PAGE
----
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Biden Shouldn’t Assume Netanyahu’s Successor Will Be A Pushover

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Benjamin Netanyahu, Israel’s longest-serving prime minister, has fought tooth and nail to hold onto power during a grueling two-year-long electoral standoff with open opponents and sometime-allies denying him the votes to form a stable majority government. But with the prospect of a fifth election in two years, and with it clear that animus for Netanyahu is the sticking point, it appears the logjam is about to be broken.

The decision of Naftali Bennett, the leader of the Yamina Party to the right of Netanyahu’s Likud, to join forces with Yair Lapid, the head of the centrist opposition Yesh Atid Party, has created the likelihood that a “government of change” will be sworn in within the next week. That means that unless he can somehow sabotage that deal at the last minute, after 12 consecutive years as prime minister, Netanyahu will be heading to the opposition benches.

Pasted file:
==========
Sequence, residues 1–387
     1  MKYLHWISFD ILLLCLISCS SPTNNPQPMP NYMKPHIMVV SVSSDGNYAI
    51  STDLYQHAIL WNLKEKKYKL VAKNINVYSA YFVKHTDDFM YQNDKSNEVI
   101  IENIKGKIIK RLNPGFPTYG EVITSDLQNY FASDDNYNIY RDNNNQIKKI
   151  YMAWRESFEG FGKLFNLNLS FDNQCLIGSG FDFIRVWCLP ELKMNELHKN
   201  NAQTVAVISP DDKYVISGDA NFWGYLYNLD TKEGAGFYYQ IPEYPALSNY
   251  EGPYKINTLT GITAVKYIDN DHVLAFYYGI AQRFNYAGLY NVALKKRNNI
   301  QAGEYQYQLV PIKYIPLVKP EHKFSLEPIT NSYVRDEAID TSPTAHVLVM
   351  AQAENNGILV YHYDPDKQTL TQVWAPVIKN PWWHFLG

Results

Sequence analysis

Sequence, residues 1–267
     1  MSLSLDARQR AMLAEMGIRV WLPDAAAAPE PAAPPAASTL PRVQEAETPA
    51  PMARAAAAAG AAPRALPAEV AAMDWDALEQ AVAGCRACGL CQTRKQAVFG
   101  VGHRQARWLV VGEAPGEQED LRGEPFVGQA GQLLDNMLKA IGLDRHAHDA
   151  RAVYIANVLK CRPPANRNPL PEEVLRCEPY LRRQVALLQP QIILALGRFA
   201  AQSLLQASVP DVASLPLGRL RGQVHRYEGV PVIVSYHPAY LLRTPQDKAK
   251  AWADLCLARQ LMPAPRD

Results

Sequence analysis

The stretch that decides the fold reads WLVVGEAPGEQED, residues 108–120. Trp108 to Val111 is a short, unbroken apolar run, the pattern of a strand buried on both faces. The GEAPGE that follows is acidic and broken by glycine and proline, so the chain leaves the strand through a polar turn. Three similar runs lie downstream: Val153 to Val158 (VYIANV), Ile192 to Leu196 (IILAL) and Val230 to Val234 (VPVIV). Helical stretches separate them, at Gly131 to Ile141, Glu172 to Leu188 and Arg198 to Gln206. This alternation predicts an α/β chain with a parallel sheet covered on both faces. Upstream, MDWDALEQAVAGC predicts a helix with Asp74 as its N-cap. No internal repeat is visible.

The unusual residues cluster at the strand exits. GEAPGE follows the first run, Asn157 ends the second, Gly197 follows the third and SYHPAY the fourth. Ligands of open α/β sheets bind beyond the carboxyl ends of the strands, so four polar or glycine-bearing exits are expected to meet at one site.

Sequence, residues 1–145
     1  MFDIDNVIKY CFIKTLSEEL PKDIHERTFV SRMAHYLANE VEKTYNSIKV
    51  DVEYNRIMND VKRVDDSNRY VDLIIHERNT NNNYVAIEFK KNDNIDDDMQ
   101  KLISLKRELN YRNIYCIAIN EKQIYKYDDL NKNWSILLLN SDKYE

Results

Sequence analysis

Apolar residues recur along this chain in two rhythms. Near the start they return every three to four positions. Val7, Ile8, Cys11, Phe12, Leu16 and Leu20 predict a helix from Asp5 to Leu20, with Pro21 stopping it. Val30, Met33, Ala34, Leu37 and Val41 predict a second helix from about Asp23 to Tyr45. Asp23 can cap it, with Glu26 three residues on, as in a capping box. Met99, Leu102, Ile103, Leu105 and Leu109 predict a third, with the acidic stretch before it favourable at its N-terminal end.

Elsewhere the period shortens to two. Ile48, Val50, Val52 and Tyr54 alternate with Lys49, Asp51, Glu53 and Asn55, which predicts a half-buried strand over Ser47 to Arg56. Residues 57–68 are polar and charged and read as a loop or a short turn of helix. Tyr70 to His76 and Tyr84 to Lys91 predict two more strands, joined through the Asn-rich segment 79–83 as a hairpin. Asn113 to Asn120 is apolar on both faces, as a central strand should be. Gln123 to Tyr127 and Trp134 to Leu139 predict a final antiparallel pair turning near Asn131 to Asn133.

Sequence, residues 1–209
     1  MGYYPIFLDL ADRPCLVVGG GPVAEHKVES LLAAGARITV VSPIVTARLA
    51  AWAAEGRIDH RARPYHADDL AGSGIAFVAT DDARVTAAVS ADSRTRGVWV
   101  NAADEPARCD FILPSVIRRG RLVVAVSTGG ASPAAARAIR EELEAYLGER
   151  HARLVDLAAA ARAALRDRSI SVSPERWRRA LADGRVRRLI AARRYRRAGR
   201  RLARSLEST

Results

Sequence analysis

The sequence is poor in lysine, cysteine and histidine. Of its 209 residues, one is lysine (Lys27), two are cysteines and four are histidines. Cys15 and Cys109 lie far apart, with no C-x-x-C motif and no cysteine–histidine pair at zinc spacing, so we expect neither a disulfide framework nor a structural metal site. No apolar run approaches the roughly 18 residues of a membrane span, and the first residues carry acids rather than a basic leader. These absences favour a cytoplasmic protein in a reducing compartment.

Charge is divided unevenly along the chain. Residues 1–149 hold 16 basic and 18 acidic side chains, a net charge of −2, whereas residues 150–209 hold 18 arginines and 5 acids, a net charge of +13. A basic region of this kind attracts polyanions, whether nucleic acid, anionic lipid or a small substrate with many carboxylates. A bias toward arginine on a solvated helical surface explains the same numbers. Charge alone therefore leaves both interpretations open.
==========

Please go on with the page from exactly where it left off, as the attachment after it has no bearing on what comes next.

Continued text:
The proposed coalition involves parties of both the right and the left and will rely on the votes of an Arab political party that will remain outside of the government to be sworn in. As such, it’s far from clear whether the Bennett-Lapid alliance can survive for long.

But given the only viable alternative to this scenario is a fifth election and implacable opposition to Netanyahu from a majority of the members of the Knesset, or parliament, it appears Bennett will soon become prime minister as part of a bargain in which he will serve for two years followed by two years of Lapid as the country’s leader.

For many Israelis, this is hard to swallow. Leaving aside the plurality of Israelis that continue to support Netanyahu and his remaining religious party allies, the rest of the electorate is also not entirely pleased with the compromises for both left and right that are obligatory to achieving this outcome. There’s little doubt, however, that President Biden will be among those cheering for the new coalition.

While Biden likes to boast of his long friendship with Netanyahu, there is little love lost between him and the president as well as the rest of the Obama administration

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